Each hundred assembled a court once a month at which criminal matters and private disputes were settled by common law. The courts were generally held in the open air at a time and place widely known and, initially, all inhabitants of the hundred were expected to attend. Later, however, attendace was restricted to tenants of specific land. Normally those attending would act as judges but twice a year a sheriff visited each hundred.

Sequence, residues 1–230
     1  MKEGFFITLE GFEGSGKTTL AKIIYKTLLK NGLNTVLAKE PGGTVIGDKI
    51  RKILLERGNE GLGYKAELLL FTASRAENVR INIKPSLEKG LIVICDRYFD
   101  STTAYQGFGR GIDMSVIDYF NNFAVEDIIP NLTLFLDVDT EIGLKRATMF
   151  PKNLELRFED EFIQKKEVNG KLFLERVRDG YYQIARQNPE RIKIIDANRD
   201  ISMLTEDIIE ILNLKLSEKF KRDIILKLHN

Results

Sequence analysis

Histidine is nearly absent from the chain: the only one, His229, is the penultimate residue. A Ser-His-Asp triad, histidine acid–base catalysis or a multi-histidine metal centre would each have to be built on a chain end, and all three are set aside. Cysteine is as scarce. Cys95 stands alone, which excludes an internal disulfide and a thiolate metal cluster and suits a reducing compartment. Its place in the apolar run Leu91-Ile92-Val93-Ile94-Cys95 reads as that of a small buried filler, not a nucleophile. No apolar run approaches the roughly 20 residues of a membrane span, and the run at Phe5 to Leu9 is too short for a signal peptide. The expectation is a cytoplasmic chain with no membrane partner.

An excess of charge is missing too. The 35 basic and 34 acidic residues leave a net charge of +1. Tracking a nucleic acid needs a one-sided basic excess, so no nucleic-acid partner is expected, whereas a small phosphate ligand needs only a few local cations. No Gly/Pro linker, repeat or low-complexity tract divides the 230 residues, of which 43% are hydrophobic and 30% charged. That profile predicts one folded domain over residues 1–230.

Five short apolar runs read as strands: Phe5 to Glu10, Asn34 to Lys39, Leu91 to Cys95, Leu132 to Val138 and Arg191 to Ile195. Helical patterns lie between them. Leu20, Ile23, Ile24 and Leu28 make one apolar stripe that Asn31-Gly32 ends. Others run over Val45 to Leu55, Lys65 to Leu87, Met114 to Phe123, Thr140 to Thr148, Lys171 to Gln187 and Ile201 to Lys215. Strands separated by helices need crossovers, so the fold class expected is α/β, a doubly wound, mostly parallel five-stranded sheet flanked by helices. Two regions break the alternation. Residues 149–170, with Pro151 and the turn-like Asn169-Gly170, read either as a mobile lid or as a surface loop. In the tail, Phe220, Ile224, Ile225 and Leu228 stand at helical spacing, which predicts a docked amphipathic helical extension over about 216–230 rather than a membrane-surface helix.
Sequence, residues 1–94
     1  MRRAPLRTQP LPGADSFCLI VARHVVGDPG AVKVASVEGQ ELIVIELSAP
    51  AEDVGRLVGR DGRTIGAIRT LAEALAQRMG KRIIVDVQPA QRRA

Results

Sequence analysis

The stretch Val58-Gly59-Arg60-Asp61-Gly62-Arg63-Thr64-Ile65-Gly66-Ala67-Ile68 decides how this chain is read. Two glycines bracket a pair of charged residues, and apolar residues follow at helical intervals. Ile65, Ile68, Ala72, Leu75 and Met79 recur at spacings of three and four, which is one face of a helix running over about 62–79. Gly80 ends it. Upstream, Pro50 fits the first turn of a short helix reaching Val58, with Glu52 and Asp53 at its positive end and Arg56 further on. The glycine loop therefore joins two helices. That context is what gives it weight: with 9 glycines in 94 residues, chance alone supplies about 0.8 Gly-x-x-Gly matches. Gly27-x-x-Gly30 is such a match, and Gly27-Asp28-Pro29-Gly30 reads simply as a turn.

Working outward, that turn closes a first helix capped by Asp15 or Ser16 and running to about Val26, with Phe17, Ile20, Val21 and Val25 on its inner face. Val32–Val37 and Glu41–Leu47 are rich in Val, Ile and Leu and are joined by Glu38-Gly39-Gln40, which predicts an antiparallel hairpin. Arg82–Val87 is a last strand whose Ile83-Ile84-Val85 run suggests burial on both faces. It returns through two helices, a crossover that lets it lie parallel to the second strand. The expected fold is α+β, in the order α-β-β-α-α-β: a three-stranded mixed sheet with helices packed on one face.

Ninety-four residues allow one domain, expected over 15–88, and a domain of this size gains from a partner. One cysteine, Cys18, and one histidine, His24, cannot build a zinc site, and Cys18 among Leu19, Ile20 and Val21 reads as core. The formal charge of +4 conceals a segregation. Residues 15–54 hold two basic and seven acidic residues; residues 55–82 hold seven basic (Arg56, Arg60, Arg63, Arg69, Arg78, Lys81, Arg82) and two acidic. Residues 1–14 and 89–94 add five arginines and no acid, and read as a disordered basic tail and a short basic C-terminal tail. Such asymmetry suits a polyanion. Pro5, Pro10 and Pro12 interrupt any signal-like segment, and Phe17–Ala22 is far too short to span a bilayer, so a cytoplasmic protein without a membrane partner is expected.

By the 19th century, the reasons for maintaining the hundred boundaries had disappeared.